Bernanke Floated Japan Perpetual Debt Idea to Abe Aide Honda - ( Ben S. Bernanke, who met Japanese leaders in Tokyo this week, had floated the idea of perpetual bonds during earlier discussions in Washington with one of Prime Minister Shinzo Abe’s key advisers. Etsuro Honda, who has emerged as a matchmaker for Abe in corralling foreign economic experts to offer policy guidance, said that during an hour-long discussion with Bernanke in April the former Federal Reserve chief warned there was a risk Japan at any time could return to deflation. He noted that helicopter money -- in which the government issues non-marketable perpetual bonds with no maturity date and the Bank of Japan directly buys them -- could work as the strongest tool to overcome deflation, according to Honda. Bernanke noted it was an option, he said. Though Honda said he thought Japan was already engaged in a strategy that involved helicopter money, he wanted to convey the idea to Abe and asked Bernanke to meet with the premier in Japan. While this didn’t happen in the spring, Bernanke joined central bank chief Haruhiko Kuroda over lunch this Monday and on Tuesday he attended a gathering with Abe and key officials, including Koichi Hamada, another influential economic adviser.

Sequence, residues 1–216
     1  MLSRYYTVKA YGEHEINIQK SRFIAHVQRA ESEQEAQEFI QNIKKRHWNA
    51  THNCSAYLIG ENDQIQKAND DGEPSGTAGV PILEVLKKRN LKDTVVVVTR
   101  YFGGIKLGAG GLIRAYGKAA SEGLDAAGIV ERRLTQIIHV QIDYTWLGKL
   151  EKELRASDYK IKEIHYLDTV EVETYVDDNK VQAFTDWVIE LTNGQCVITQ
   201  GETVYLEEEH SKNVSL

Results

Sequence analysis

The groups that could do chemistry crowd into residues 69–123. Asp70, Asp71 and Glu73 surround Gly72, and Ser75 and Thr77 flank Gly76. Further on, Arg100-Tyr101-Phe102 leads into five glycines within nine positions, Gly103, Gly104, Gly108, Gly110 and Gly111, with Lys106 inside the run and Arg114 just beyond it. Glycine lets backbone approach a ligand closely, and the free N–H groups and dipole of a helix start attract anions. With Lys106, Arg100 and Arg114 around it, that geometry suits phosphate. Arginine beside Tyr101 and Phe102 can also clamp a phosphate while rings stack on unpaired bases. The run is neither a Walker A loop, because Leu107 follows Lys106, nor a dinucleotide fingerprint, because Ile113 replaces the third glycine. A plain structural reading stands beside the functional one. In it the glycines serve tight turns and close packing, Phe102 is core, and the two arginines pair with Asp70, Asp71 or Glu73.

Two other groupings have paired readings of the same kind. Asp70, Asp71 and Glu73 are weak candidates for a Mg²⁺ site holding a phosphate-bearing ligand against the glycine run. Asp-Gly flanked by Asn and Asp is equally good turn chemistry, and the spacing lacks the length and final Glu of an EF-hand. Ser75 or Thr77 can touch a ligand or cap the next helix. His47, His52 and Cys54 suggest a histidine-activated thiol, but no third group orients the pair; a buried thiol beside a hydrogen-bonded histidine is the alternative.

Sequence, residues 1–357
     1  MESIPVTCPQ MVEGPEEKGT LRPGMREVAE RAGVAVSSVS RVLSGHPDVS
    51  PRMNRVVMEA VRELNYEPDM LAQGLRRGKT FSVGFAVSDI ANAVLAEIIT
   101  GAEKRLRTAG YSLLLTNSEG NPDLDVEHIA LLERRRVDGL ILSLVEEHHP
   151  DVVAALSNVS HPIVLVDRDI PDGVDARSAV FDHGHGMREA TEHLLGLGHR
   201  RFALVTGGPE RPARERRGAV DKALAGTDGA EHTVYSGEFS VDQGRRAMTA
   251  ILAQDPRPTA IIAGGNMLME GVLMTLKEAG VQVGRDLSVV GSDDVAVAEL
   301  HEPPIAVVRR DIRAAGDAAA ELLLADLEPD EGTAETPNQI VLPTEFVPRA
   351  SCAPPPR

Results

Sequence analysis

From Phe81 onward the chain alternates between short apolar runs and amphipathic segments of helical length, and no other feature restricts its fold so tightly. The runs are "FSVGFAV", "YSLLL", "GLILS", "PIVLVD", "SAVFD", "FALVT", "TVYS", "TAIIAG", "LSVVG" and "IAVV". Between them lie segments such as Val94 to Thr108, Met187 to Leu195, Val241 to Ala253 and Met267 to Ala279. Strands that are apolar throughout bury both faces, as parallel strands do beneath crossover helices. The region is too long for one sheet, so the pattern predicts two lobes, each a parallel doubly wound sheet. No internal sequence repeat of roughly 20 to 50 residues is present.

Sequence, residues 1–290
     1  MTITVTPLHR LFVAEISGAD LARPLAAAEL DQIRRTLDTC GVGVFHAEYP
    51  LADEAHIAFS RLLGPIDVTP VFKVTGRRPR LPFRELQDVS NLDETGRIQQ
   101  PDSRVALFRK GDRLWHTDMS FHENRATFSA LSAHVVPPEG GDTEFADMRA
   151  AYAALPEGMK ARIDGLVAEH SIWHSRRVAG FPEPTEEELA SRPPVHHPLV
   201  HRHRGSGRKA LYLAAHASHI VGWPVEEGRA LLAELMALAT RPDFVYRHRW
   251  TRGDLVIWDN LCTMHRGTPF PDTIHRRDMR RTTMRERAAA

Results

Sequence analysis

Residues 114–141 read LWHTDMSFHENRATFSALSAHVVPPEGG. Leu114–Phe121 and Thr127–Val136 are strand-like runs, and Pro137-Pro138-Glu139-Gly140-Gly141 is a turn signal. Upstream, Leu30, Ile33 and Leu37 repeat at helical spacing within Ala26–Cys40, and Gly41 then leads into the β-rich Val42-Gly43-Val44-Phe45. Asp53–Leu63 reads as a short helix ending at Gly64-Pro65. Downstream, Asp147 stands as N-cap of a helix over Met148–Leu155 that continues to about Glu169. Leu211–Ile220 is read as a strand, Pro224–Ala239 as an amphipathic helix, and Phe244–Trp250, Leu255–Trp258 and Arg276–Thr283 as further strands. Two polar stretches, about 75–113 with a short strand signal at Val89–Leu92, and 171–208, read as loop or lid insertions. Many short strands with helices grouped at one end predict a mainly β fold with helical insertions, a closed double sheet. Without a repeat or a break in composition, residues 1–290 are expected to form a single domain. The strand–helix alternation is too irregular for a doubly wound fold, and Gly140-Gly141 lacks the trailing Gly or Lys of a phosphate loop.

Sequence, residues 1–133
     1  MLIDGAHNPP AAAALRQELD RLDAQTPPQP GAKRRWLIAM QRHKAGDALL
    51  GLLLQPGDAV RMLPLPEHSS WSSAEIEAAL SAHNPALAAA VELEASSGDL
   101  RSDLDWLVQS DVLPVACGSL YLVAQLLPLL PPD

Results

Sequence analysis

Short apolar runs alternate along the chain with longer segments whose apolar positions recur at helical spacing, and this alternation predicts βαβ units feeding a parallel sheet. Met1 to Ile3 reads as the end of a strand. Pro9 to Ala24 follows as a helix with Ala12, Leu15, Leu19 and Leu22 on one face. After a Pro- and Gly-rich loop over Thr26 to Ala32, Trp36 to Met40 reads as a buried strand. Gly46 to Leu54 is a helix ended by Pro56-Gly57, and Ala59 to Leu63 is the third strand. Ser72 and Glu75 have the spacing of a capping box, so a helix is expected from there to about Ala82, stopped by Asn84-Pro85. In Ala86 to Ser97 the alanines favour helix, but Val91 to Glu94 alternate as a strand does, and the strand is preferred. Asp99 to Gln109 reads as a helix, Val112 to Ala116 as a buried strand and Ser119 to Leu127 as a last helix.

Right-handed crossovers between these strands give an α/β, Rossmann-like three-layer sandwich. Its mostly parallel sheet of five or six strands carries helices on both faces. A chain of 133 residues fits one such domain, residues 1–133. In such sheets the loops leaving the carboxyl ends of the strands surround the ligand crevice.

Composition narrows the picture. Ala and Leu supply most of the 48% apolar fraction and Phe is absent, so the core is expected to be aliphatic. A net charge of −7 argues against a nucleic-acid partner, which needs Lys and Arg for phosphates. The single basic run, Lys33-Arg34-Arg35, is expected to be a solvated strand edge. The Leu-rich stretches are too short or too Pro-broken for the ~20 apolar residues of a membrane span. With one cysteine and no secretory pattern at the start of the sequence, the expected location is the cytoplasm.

Stock-picking active managers having their worst year ... ever - ( So much for 2016 being the year of the stock picker. In fact, this has been the year investors wanted to do anything but try to pick stocks. Active fund managers had their worst first half ever, with fewer than one in five beating a basic market benchmark, according to data from Bank of America Merrill Lynch that go back to 2003. Stock pickers were done in by two major factors: following the crowd and an uneven pattern of correlations among stocks. The 10 most-crowded stocks lagged the 10 least-owned by a whopping 18 percentage points, which BofAML called "an atypically high spread." The opportunities are there for stock picking, but the pros still have faltered. Correlations, or the tendency of stocks to move up and down together, had been falling but rose in June to 35 percent, a number that is still low compared with levels of 90 percent or higher in recent years but high enough to be disruptive.